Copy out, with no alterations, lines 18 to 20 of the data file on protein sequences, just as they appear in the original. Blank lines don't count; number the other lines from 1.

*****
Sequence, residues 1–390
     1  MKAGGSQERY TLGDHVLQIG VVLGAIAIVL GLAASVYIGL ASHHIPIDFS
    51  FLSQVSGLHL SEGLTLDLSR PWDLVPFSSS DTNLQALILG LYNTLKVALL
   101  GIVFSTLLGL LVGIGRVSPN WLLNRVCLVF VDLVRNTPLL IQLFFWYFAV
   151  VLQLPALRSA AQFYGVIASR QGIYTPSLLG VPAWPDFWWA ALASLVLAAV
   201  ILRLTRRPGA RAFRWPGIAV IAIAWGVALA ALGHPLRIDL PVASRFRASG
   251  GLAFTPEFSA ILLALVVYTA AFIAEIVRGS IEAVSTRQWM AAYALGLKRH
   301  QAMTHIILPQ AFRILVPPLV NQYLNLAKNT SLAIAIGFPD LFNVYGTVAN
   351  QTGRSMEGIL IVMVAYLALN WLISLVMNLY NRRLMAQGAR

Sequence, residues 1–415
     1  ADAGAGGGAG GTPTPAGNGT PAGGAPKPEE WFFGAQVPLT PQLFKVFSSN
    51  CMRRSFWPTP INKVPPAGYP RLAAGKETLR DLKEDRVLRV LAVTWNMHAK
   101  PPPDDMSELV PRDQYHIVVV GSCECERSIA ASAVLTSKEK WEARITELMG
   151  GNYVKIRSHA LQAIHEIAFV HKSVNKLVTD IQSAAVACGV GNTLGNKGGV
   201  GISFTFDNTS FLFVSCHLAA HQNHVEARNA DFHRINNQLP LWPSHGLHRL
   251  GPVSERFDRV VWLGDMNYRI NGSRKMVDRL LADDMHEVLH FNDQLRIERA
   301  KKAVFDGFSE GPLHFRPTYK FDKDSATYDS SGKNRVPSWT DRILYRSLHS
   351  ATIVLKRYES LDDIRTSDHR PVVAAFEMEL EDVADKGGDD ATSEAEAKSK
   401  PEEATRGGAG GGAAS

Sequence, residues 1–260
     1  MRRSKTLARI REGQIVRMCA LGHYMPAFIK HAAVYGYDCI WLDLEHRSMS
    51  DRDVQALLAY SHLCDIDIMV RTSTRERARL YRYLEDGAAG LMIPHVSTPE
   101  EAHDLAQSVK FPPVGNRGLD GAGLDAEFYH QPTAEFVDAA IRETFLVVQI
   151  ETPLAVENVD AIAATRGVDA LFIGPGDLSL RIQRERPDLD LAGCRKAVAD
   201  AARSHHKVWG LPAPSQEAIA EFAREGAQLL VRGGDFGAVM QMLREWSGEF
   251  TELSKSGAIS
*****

   351  ATIVLKRYES LDDIRTSDHR PVVAAFEMEL EDVADKGGDD ATSEAEAKSK
   401  PEEATRGGAG GGAAS

Sequence, residues 1–260